The automotive industry has hinted at and promised self-driving cars since General Motors popularized the idea during the 1939 World’s Fair in New York. It has taken nearly 80 years for mid-twentieth century marketing to become street legal in the twenty-first century, but today there are autonomous vehicles operating in numerous states, including Massachusetts. Traditional automotive companies are behind some of the new models, but not all, as tech companies are introducing their own autonomous vehicles (AVs), from large companies like Google, which has arguably the most well-known self-driving car program, to Cambridge-based nuTonomy, which began testing driverless vehicle technology in the Seaport district in 2017.
This program covers the nascent legal structures governing the technology and discusses how AVs will change key areas of law, including insurance, DUIs, and Fourth Amendment concerns. Attendees learn about the permitting of these vehicles, the relationship between state and federal regulation, and key legal issues to consider as self-driving cars become more commonly available.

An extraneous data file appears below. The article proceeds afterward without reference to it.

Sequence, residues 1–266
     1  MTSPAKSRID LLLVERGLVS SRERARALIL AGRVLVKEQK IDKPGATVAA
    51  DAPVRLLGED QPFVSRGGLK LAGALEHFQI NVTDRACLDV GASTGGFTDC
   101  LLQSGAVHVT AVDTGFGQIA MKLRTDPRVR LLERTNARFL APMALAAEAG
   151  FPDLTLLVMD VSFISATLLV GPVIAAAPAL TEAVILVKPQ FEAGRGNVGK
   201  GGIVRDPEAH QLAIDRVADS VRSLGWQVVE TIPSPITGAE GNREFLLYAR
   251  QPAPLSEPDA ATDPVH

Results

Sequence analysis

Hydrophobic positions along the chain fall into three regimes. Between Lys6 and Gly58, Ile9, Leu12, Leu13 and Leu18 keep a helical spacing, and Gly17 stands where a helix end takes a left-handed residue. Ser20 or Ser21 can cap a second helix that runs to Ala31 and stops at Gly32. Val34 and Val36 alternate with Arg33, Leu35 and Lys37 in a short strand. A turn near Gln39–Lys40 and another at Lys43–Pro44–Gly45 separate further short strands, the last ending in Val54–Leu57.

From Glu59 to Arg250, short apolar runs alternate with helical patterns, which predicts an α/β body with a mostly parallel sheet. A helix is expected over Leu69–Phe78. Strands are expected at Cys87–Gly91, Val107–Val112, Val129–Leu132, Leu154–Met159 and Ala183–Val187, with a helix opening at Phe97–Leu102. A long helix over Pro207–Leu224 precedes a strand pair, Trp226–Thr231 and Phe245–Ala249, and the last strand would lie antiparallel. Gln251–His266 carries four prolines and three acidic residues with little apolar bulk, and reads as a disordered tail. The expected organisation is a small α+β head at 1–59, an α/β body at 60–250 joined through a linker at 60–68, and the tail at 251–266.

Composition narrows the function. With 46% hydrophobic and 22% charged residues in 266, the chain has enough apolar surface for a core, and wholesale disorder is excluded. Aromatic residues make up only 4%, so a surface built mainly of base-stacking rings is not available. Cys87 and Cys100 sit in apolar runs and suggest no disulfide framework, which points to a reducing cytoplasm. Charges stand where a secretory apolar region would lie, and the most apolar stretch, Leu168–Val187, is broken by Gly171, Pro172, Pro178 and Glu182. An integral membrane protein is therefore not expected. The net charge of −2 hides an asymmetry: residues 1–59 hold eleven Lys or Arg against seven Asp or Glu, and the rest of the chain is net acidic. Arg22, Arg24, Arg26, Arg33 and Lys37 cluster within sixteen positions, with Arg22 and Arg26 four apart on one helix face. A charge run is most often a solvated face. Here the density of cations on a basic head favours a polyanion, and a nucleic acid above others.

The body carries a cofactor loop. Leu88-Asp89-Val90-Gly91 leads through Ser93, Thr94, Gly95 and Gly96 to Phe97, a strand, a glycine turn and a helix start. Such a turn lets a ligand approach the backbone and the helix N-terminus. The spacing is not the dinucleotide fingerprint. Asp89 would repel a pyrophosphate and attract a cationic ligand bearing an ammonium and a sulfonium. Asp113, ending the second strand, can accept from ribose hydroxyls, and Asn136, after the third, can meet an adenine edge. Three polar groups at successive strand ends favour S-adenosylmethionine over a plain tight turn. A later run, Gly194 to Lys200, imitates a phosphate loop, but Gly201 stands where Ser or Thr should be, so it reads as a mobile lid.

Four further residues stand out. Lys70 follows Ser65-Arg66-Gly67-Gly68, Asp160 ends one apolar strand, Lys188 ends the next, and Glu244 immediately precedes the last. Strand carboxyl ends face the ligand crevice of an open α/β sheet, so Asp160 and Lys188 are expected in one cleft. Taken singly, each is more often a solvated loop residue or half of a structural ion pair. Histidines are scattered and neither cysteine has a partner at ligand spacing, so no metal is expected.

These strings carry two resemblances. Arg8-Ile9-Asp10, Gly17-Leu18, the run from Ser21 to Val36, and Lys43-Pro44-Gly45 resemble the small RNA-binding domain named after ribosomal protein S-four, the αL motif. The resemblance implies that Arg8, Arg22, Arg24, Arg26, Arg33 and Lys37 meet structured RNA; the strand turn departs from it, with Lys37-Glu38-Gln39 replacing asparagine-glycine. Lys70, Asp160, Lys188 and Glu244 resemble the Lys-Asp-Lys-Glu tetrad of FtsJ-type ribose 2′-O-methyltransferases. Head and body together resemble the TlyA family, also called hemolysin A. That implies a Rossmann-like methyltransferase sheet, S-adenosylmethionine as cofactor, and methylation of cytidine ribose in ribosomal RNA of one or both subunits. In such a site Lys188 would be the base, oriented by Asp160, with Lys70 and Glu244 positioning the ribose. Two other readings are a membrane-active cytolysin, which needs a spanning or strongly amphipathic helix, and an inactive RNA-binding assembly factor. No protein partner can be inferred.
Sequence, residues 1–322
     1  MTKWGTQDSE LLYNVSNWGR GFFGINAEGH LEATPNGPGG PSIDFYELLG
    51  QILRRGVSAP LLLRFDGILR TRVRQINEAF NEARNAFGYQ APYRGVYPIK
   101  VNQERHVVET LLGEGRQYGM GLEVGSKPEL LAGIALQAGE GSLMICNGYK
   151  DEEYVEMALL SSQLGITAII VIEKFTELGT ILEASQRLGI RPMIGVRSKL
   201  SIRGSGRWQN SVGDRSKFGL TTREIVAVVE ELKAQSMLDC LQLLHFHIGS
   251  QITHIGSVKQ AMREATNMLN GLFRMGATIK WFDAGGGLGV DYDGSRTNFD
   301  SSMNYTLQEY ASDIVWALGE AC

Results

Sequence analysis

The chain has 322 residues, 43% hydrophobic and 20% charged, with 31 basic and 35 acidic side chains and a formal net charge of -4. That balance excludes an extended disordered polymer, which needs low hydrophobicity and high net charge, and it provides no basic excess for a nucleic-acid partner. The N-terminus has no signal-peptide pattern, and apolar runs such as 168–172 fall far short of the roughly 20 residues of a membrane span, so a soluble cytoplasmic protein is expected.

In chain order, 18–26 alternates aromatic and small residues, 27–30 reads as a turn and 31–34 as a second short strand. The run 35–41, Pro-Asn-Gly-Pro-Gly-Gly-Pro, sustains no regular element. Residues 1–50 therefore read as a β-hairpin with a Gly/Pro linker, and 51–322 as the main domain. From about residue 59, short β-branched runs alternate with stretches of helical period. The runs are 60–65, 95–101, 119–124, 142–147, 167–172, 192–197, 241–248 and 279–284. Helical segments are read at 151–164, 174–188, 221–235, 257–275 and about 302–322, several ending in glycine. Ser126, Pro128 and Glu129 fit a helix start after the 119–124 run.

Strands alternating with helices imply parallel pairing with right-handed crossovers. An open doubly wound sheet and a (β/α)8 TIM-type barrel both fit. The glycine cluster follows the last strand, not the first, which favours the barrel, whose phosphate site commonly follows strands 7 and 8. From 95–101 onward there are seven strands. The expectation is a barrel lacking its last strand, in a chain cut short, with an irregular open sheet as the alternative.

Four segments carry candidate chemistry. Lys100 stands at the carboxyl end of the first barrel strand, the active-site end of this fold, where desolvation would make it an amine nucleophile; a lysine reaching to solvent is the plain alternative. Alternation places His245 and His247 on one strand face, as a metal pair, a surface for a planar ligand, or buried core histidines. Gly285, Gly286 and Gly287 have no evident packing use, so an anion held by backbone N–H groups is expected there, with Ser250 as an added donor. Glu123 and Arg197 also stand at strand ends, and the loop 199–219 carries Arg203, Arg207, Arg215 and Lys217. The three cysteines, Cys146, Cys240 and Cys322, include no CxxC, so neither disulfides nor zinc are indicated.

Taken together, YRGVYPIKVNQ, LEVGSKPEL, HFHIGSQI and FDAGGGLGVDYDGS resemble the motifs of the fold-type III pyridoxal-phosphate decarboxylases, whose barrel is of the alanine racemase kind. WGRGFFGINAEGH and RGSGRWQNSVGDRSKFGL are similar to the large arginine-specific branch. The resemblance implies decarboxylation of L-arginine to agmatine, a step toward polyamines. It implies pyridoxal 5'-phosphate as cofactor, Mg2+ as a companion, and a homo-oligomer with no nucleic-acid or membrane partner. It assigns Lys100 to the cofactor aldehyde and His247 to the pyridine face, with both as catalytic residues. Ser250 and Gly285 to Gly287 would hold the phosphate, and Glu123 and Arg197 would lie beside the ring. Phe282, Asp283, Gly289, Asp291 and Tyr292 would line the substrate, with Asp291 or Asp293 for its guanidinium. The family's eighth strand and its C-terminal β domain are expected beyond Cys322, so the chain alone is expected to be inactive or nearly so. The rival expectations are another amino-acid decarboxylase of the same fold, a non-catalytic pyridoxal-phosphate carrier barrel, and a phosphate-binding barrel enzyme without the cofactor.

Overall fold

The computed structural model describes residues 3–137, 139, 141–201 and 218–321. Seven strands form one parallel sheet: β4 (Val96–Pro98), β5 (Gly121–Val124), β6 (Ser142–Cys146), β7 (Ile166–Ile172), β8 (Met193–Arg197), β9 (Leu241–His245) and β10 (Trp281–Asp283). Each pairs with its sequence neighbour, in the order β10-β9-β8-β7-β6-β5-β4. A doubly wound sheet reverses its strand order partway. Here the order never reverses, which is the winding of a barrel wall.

MCLE webcasts are delivered completely online, underscoring their convenience and appeal. There are no published print materials. All written materials are available electronically only. They are posted 24 hours prior to the program and can be accessed, downloaded, or printed from your computer.